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cause of Christ, and the conversion of the world is practicable and easy.

These are the reasons for which we believe we are fulfilling the design of the Saviour, by concentrating our principal forces upon the favoured land of our nativity. What we have already done for the heathen world is, at least in my judgement, quite as much as the urgent demands of our own country justify.

CHAPTER V.

THE last speaker had scarcely taken his seat, before a representative of another part of the Christian world claimed the attention of the assembly.

I am a citizen, said he, of that country where the chains of papal superstition were first sundered, and the light of the reformation broke upon the world. In my country we do not differ in our interpretation of the Saviour's command from those who have spoken; but I certainly cannot subscribe to their exalted opinions of their own nations.

I have been constrained to conclude that there was no land which possessed the same claims upon the efforts of Christians, as my own. Others may boast of wealth and navies, and commerce, and colonies. Our boast is of men and of the means by which they are prepared for the most distinguished stations and difficult labours. Look at the mental capabilities and physical endurance of my countrymen. What can exceed

their habits of intellectual drudgery, and almost starving economy

Add to this our literary eminence. How numerous are our institutions - how numberless their students - how extensive and accurate our science, and particularly our theological researches! What light have not our renowned professors shed upon the ancient languages, and the critical interpretation of the Bible.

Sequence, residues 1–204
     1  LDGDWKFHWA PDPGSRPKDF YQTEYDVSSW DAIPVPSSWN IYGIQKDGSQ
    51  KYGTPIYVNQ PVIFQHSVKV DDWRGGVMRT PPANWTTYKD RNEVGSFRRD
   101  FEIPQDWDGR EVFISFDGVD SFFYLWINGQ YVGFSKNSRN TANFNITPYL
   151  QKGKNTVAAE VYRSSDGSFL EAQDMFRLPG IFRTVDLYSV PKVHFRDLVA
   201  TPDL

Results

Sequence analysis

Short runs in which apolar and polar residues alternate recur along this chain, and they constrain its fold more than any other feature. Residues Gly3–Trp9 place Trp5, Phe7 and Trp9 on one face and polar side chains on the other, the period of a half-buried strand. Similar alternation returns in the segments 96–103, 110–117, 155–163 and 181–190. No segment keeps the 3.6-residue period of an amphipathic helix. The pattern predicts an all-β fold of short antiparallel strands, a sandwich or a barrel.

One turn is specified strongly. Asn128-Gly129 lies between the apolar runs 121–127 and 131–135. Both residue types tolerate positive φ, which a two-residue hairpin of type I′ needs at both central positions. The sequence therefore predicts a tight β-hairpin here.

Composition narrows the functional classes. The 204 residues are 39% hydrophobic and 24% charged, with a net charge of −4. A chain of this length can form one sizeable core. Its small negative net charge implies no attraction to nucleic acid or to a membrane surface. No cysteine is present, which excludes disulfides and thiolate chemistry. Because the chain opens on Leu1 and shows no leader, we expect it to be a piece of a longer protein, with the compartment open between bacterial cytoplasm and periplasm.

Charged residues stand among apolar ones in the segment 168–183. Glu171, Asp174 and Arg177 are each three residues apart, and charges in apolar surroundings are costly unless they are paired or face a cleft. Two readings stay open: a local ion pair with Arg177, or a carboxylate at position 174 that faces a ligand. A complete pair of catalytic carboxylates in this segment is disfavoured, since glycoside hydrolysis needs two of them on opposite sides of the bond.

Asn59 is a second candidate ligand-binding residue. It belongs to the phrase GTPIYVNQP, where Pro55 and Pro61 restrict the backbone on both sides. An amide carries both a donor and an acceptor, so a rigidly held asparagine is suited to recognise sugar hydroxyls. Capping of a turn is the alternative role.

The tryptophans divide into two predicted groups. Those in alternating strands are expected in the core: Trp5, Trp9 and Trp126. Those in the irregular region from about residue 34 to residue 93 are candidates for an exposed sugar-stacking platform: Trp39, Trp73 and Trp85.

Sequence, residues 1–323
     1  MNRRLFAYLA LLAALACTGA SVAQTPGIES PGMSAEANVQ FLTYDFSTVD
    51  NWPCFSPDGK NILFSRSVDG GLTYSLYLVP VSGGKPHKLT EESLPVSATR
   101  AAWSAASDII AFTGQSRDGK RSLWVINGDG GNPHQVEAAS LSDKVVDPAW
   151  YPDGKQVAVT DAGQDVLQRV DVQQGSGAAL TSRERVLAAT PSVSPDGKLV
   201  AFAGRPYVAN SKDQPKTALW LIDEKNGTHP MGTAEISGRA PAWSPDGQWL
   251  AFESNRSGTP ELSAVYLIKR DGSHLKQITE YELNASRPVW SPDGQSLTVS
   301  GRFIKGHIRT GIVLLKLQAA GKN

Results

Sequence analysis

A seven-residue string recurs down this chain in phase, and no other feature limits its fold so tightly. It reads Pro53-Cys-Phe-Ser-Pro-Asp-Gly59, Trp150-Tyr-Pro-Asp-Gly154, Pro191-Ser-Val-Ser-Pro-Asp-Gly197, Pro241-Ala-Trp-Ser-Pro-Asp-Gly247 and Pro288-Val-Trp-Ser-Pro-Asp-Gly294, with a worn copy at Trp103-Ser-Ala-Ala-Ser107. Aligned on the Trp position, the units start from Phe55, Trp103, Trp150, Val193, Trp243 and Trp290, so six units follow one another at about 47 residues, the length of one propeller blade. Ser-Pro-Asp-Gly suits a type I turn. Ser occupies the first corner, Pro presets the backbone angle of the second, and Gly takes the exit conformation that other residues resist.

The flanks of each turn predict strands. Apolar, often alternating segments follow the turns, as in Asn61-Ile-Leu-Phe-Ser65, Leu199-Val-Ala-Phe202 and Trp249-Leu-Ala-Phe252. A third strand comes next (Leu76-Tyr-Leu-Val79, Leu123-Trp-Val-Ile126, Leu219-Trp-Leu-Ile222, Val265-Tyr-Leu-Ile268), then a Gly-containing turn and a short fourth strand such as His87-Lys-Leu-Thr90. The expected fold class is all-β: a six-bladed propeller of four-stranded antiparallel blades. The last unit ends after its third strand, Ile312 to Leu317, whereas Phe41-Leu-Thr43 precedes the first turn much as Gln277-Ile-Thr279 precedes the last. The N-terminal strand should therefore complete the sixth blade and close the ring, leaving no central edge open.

Here then is an agency which, if brought to bear upon the world, would soon produce the change we all desire. Let the army of Him who “goes forth conquering and to conquer,” be reinforced by the host these institutions could furnish, and the conquest of the world would soon be achieved. Who so capable of enduring the trials and privations of a missionary life — who so able to conquer the numerous and difficult languages of the unevangelized nations !

But there is another consideration which enhances the demands of our own country upon our services. There are influences abroad which will inevitably enlist and wield all this moral power against the pure religion of the gospel, if the greatest efforts are not made by the friends of truth to resist them. Rationalism and infidelity are popular and lamentably prevalent in our seminaries. Many of our greatest men

are

wild in their speculations; and their mighty and splendid intellects draw after them in their erratic courses hundreds of our most talented youth. The doctrines of the Reformation are rejected by a large proportion of my countrymen, while the institutions of our holy religion are despised by not a few. Is there a land, then, upon which the sun shines, that promises so rich a return for Christian effort as Germany?

CHAPTER VI.

NATIVES of France, Holland, Switzerland, and other countries of Christendom, all felt themselves called upon to show their reasons for restricting their principal labours within their own territories. Each speaker found in the cherished land of his birth, advantages which he and his fellowcitizens imagined gave it a distinctive prominence above other parts of the world; and which, in their opinion, justified their comparative inattention to other countries.

At length a converted Chinese arose, and expressed his regret that such limited and evidently selfish operations should have been mistaken for the impartial beneficence enjoined in our Lord's command.

Who is right, inquired he, or are all right? Is the restriction which each one has made in favour of his own country, a restriction in the text, or is it not rather a limitation in the views of its interpreters? Can every country possess superior advantages to all others? If, as you all

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